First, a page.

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Forest Health Notes:
A Series for the Non-Industrial Private Forest Landowner

(Dendroctonus valens)

Hosts: Ponderosa pine, lodgepole pine, western white pine, occasionally spruce and larch

Quick ID:

  • Large reddish pitch tubes on trunk
  • Only in lowermost portion of trunk
  • Galleries short, irregular
  • Galleries packed with frass
  • Adult insect reddish brown, large

Red Turpentine BeetleField Identification

Tree: Large (up to 1 1/2"), globular pitch tubes at point of entry, full of frass (a mixture of sawdust and insect droppings) and reddish. Galleries of the insect are irregular and packed with frass, varying between 1/2 and 1" in width and up to several feet in length. Individual larvae galleries are not constructed; instead, a large cavity is formed. Galleries are usually found only in the bottom six feet of the trunk.

Insect: Adults are reddish-brown and may be 3/8" in length, the largest of the Dendroctonus bark beetles. Larvae are up to 1/2" in length, and feed together in a common brood chamber. Pupal chambers may be found at the base of the host tree.

May be confused with: Mountain pine beetle.

Life cycle: Attacks occur through the warm weather and peak in midsummer. Adult turpentine beetles bore through the outer bark and excavate short, irregular, longitudinal to cavelike galleries between the bark and the wood. Eggs are laid in groups packed with frass on the sides of the gallery. When the eggs hatch, the larvae remain together and excavate large cavities while feeding. Further development to pupae and adults takes place in the cavity or in short galleries along its margin. Larvae and adults overwinter in the tree. Generations per year varies with climate; in the coldest part of the range, one generation is produced every two years, while in the warmest areas, two to three generations may be produced in one year. This is not one of the most aggressive bark beetles and attacks do not become epidemic.

Predisposing factors: Red turpentine beetles commonly attack trees already weakened by injury, other bark beetle attacks, or disease. Freshly cut stumps, exposed roots and the lower trunk of declining trees are all attacked, as are "leave" trees after logging operations and fire survivors. It is commonly associated with attacks of Ips or mountain pine beetle, which are usually responsible for the actual death of the tree.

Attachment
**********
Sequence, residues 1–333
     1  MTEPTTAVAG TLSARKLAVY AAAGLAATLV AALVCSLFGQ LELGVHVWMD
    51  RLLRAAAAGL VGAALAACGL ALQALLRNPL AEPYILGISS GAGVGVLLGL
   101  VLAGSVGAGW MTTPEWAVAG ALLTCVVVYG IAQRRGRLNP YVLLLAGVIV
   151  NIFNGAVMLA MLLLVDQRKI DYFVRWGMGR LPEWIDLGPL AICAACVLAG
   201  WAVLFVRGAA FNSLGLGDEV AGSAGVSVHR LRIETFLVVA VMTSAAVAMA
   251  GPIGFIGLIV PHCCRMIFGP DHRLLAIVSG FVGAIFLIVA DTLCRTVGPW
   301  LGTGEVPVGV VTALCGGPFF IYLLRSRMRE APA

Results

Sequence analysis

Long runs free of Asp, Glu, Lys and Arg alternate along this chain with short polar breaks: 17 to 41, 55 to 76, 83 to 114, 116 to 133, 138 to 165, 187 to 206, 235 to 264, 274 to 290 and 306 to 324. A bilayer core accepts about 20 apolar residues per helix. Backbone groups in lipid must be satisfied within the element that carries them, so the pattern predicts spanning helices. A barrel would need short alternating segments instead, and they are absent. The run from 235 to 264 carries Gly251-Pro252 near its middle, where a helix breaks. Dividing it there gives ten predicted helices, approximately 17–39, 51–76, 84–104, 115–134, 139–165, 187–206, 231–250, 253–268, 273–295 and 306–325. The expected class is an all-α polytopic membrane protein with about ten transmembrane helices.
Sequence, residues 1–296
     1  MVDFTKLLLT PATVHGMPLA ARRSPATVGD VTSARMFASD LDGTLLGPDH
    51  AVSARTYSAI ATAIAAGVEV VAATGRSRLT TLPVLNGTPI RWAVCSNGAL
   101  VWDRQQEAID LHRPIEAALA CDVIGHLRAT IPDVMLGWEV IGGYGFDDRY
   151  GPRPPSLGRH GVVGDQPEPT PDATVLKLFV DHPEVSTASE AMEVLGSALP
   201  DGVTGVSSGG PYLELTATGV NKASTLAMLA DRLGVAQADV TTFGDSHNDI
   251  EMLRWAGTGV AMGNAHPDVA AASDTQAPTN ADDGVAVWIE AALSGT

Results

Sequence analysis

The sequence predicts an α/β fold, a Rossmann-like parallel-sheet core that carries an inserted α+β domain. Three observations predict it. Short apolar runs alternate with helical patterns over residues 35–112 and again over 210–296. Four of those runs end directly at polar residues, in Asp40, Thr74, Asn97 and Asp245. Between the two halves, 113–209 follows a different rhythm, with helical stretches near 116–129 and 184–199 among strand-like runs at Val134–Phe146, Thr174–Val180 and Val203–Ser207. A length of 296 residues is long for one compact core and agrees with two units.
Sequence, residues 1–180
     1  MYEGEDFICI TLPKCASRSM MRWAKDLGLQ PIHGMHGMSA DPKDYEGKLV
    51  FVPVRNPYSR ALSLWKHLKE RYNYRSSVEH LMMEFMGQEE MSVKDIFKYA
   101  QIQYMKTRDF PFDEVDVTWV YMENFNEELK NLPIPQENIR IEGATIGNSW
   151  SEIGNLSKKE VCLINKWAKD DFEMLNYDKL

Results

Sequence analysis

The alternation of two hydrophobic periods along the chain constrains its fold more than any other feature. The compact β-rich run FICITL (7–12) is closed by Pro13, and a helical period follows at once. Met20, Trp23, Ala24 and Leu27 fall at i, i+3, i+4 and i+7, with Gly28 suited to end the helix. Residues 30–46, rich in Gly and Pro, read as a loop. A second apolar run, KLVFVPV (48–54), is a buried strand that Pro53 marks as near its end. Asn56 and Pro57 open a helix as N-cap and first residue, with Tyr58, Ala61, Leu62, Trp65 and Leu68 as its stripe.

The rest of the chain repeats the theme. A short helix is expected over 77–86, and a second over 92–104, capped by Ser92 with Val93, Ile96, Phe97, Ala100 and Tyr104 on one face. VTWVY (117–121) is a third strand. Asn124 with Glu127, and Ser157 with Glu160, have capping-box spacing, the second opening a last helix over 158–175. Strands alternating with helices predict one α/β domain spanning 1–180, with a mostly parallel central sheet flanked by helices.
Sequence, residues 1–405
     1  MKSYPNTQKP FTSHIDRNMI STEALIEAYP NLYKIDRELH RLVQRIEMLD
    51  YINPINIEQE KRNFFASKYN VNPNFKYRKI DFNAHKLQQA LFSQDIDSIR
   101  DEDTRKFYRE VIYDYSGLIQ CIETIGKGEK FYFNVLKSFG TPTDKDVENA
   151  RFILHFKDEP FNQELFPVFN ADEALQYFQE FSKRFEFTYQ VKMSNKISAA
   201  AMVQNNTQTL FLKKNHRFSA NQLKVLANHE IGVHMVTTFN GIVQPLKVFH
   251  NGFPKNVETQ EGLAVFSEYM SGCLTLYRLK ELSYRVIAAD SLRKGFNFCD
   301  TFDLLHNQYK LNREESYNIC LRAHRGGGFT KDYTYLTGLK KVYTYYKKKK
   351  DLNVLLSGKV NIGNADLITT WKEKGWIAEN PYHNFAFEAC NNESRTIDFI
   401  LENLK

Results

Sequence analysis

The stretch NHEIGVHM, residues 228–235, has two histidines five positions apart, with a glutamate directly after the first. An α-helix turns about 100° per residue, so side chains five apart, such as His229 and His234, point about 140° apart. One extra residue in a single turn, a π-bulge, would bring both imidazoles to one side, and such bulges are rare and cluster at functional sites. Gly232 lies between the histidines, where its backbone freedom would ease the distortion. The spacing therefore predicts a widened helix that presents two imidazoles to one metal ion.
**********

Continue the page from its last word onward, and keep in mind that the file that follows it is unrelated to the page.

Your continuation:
Impact: As this bark beetle does not become epidemic, losses are not as catastrophic as with the mountain or western pine beetles. Occasionally it kills trees that have been scorched by fire. The Forest Service puts it in a group with a number of other bark beetles for which losses in 1990 in Washington ran about 118.9 million cubic feet.

Management: Silvicultural activities designed to maintain vigorous, fast-growing stock will help as these trees are more resistant to bark beetle attack generally. Minimizing injury to "leave" trees during logging and silvicultural operations will keep the tree from being weakened. Pruning dead branches is fine, but pruning live branches opens a wound that may attract turpentine beetles. Bear in mind that root rot diseases often predispose the tree to bark beetle attack; search the roots and root collar for signs of infections. On high value trees near woodland homes or in campgrounds, chemical sprays may be used to prevent attacks. Lastly, salvage logging of beetle-killed trees is acceptable providing root rot is not present.

Note: Use pesticides with care. Apply them only to plants, animals, or sites listed on label. When mixing and applying pesticides, follow all label precautions to protect yourself and others around you. It is a violation of the law to disregard label directions. If pesticides are spilled on skin or clothing, remove clothing and wash skin thoroughly. Store pesticides in their original containers and keep them out of the reach of children, pets and livestock.



Forest Health Notes were prepared by Donna Dekker-Robertson, Peter Griessmann, Dave Baumgartner, and Don Hanley, Washington State University Cooperative Extension. The assistance of Robert L. Edmonds and Robert I. Gara, University of Washington College of Forest Resources, is gratefully acknowledged.

Department of Natural Resource Sciences
Washington State University Cooperative Extension
Pullman, Washington 99164-6410

Insect or disease treatments should always be part of an overall forest management planning process. It's a good idea to have a forest management plan for your property. This tool will help you prevent problems and keep your forest healthy. For information on forest stewardship educational programs, contact your local WSU Cooperative Extension office. For information on technical assistance and financial incentive programs, contact the Washington Department of Natural Resources. The Natural Resources Conservation Service will assist landowners in developing conservation plans.

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